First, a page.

Shore says theatre fandom “really blossomed’ after university in Warwick, when she returned to London and saw Barber Shop Chronicles by Inua Elms at the National Theatre. There began an “unhealthy obsession” of trying to get to every play she could find out about that was written by, made by, and/or starred Black talent. And it wasn’t long before she spotted something amiss.

“Passion aside, the more I started watching theatre shows with majority Black casts, or distinctly African/Caribbean storylines, the more I noticed that, as a Black audience member, I was in the extreme minority,” says Shore. “While anyone can enjoy good theatre, when plays are moulded upon Black (African/Caribbean/Black British) history and experiences, I believe these stories should be able to be heard and experienced by the people they are based on.”

Take shows like Three Sisters or Strange Fruit Shore says – “for many African and Caribbeans these goes beyond a standard theatre performance. The stories told represent and mirror memories, family histories, lived experiences, and culture. I wanted to create a platform that connected audiences to the stories that often form part of who they are,” she says.

The Barber Shop Chronicles by Inua Elms.
Mike Marsland via Getty Images
The Barber Shop Chronicles by Inua Elms.

Unless you’re part of the theatre world, it can be genuinely overwhelming finding out about shows – especially plays in smaller venues with less visible marketing. This is something Shore noticed when posting reviews on her personal page.

“People would always ask me where I was, what shows I was watching, and how I found out about the shows,” she says. “And I realised that lots of Black people, and specifically young Black people aged 18-35, want to go to the theatre, but for whatever reason are not aware of what to see and when. I realised I could try and plug that gap, and two years later here we are.”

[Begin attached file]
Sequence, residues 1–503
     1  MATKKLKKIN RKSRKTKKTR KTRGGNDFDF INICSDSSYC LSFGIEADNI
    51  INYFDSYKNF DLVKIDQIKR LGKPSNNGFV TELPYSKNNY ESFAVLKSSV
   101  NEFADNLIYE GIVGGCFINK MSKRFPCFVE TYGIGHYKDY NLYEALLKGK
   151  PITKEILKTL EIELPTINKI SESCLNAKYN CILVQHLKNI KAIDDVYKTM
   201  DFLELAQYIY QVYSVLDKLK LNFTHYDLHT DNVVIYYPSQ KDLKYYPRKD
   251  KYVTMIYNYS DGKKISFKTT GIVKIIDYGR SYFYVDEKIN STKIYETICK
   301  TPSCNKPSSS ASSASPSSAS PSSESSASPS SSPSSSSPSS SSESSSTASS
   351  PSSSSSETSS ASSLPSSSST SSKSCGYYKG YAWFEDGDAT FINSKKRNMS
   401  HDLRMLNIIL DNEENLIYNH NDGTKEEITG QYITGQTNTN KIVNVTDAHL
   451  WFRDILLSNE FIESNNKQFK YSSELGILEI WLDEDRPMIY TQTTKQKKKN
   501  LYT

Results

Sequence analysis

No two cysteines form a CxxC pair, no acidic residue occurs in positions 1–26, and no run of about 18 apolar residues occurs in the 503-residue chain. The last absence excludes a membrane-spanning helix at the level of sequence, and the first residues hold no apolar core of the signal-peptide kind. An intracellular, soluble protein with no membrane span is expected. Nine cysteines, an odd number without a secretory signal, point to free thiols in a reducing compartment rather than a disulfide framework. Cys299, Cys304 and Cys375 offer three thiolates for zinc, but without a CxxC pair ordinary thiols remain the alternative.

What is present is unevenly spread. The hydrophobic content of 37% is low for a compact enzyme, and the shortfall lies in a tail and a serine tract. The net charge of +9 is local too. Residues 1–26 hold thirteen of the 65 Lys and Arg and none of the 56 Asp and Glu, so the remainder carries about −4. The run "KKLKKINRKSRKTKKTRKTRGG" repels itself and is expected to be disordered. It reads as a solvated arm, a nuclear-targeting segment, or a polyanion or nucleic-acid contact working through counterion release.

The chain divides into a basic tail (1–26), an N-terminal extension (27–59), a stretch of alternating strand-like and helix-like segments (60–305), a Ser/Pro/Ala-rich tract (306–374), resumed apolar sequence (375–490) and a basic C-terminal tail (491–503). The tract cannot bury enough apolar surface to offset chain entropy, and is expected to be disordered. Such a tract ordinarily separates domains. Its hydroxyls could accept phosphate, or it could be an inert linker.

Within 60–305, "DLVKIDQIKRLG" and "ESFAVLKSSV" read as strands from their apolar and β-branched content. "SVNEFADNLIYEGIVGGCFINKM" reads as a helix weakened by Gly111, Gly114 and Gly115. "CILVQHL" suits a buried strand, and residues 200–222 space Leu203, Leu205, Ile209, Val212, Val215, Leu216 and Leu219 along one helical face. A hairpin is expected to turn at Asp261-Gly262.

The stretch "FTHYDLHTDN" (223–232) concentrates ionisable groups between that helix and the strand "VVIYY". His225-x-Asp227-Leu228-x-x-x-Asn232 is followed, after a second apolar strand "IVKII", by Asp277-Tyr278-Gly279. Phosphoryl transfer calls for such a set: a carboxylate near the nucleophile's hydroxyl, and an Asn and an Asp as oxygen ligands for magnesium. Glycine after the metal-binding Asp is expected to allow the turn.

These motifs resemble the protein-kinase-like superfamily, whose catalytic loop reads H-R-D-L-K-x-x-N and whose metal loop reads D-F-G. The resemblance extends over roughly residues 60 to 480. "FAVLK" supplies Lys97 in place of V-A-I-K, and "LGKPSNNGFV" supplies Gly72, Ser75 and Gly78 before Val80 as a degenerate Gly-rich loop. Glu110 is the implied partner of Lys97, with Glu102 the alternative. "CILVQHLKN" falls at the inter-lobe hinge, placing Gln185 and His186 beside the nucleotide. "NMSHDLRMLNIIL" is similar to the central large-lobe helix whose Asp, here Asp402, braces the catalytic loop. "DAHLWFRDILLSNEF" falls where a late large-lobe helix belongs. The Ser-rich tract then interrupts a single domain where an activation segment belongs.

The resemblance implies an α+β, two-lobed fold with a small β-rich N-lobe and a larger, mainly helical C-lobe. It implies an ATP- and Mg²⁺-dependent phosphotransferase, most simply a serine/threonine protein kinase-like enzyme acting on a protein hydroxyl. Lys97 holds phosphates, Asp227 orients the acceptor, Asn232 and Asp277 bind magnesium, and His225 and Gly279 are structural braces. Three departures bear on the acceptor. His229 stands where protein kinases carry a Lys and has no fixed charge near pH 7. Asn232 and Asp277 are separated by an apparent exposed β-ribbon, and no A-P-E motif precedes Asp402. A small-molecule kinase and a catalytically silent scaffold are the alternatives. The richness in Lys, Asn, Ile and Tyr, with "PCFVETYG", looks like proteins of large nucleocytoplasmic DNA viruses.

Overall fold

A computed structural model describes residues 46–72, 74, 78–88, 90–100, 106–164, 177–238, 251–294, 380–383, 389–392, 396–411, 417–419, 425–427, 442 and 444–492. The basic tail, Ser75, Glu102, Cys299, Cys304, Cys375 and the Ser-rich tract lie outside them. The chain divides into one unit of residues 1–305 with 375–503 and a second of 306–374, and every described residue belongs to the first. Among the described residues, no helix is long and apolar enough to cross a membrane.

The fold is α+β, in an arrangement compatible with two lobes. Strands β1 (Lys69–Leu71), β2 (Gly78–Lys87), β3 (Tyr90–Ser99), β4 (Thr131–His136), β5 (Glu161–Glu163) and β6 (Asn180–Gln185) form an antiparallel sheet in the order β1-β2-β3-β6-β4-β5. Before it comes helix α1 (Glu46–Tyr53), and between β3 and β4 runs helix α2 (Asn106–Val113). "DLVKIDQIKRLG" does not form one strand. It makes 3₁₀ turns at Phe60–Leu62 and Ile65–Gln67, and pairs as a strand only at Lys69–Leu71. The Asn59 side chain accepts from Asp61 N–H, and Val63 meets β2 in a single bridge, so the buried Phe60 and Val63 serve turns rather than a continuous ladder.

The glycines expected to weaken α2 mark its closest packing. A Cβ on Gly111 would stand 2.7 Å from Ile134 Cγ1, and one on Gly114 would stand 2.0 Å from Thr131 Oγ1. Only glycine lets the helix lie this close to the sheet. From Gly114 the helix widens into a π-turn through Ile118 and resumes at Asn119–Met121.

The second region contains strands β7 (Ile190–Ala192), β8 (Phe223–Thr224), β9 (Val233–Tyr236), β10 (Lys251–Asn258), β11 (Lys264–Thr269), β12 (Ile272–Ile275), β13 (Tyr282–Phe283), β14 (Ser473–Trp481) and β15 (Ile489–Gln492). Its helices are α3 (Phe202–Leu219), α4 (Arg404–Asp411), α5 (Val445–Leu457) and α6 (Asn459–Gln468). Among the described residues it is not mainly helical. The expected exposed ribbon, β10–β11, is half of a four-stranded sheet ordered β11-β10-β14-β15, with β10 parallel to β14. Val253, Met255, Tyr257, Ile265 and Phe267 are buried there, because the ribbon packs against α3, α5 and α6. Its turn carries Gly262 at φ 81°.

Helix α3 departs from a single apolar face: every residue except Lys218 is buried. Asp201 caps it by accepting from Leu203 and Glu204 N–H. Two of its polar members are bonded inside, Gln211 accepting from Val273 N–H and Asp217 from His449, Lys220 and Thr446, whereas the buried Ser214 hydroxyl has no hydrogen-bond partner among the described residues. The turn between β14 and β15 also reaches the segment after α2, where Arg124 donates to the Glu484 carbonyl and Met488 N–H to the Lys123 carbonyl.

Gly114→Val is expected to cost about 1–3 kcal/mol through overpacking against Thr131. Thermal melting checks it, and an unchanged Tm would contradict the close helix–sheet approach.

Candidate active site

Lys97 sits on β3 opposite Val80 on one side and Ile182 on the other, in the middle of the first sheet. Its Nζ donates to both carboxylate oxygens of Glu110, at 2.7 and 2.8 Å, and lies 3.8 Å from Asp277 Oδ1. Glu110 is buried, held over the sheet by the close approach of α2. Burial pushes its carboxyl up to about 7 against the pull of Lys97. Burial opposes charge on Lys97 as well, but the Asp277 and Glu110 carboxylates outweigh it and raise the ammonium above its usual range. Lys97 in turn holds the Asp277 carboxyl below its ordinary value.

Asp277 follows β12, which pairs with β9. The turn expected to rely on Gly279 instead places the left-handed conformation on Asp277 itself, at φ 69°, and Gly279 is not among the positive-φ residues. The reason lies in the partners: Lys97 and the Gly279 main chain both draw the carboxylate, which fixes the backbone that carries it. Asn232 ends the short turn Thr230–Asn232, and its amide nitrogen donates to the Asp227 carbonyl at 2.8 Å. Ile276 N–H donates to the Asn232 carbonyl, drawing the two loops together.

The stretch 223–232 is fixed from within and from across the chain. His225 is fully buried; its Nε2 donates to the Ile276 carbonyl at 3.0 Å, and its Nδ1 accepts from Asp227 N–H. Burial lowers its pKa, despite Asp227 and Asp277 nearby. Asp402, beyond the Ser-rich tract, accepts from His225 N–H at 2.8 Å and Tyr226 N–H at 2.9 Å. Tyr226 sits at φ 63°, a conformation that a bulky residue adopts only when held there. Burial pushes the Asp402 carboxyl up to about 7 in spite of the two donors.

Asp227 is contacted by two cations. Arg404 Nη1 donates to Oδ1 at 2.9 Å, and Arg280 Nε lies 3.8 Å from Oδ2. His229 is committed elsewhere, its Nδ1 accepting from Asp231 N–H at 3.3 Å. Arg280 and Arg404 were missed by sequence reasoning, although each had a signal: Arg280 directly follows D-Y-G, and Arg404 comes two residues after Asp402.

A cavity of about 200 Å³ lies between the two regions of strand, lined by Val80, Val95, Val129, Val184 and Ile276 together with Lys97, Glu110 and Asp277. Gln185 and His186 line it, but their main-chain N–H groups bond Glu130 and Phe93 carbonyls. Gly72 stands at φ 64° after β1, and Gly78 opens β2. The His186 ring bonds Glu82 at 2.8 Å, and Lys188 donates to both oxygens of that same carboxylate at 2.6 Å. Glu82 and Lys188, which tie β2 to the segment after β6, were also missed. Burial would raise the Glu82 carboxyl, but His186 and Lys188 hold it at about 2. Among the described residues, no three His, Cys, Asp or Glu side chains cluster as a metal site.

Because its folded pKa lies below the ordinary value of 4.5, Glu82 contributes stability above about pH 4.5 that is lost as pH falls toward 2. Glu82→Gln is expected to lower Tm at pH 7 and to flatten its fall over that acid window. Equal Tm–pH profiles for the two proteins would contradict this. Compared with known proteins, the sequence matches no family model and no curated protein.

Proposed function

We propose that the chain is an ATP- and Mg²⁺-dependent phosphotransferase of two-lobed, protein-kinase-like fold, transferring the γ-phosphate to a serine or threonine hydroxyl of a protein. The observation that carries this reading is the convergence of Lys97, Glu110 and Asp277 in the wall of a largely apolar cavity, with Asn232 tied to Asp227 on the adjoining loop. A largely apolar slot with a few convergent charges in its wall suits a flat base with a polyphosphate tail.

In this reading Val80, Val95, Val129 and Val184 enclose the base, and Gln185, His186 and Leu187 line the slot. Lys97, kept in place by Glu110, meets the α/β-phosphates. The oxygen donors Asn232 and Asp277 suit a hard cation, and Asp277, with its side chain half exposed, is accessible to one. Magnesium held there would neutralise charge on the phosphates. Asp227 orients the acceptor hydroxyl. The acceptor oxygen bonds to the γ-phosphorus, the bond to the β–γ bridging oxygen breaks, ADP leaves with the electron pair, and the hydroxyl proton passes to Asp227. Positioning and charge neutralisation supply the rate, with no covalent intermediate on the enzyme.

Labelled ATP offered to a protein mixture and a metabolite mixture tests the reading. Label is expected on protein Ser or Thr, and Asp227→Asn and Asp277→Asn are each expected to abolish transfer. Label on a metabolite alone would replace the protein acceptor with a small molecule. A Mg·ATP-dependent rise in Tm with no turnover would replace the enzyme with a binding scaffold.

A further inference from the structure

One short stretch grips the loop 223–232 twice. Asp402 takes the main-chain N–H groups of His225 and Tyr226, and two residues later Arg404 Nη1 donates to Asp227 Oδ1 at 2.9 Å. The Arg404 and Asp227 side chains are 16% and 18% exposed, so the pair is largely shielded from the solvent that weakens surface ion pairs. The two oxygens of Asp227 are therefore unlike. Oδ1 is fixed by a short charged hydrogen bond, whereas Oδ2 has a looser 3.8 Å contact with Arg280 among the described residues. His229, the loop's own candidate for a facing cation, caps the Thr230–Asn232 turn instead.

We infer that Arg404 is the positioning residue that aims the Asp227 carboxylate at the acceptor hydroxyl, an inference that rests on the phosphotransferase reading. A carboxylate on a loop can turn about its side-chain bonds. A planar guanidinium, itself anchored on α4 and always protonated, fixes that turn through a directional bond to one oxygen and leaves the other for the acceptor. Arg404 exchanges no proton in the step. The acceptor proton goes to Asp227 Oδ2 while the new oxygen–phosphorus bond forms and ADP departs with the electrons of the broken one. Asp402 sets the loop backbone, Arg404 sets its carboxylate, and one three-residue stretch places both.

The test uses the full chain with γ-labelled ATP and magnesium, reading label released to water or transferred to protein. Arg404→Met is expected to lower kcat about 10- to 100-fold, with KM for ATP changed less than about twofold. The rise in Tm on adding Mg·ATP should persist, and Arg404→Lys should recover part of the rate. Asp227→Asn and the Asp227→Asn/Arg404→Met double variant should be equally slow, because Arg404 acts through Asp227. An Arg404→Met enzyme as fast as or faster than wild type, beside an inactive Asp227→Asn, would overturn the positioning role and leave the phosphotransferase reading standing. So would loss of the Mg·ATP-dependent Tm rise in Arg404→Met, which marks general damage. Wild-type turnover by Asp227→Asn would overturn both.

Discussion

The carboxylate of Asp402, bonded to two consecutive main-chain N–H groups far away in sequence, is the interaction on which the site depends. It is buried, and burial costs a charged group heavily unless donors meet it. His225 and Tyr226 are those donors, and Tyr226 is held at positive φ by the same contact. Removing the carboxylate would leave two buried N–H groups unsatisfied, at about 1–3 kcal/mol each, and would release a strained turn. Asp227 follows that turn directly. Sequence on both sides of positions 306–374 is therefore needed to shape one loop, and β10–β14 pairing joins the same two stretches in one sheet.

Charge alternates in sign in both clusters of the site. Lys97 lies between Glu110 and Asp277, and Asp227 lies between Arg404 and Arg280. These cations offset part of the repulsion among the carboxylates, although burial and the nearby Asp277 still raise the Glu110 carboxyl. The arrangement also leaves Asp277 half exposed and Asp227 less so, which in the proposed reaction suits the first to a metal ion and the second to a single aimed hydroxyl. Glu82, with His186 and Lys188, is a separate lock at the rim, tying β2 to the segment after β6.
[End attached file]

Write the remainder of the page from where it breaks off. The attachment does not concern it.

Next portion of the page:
Shore reels off a list of her favourite shows in recent months: Hamilton, of course, And Breathe by Yomi Ṣode at the Almeida, The Fisherman by Gbolahan Obisesan (adapted from Chigozie Obioma’s Booker-award winning book). She also loved Nick Payne’s Constellations, which originally starred white actors, but was revived post-lockdown with a rotating cast of couples including Black British actors Sheila Atim and Ivanno Jeremiah. “They were both amazing!”

Rendition has pointed me to some shows I know I wouldn’t have heard about otherwise, either. For Black Boys Who Have Considered Suicide When The Hue Gets Too Heavy at the New Diorama might be one of my favourites yet. As the name suggests, it didn’t shy away from the struggles young Black men face in this country – exploring themes of knife crime, sexual assault and suicide, while still somehow managing to make the audience laugh. The script and use of music was just so unapologetically Black, and I left feeling inspired that a young Black boy can now go to the theatre and see himself on stage.

During Black History Month, we were able to see a plethora of shows made by Black talent – but there’s so much more work still to do. This should be the norm, year-round. As Shore says, Black theatre helps us appreciate our shared experiences and history. “I especially love to see our stories represented with range and thought, stories that go beyond some of the same trauma-led narratives that we see so often in mainstream media,” she says. “Give me Black untold histories, give me Black British love, give me Black fantasy. All of it!”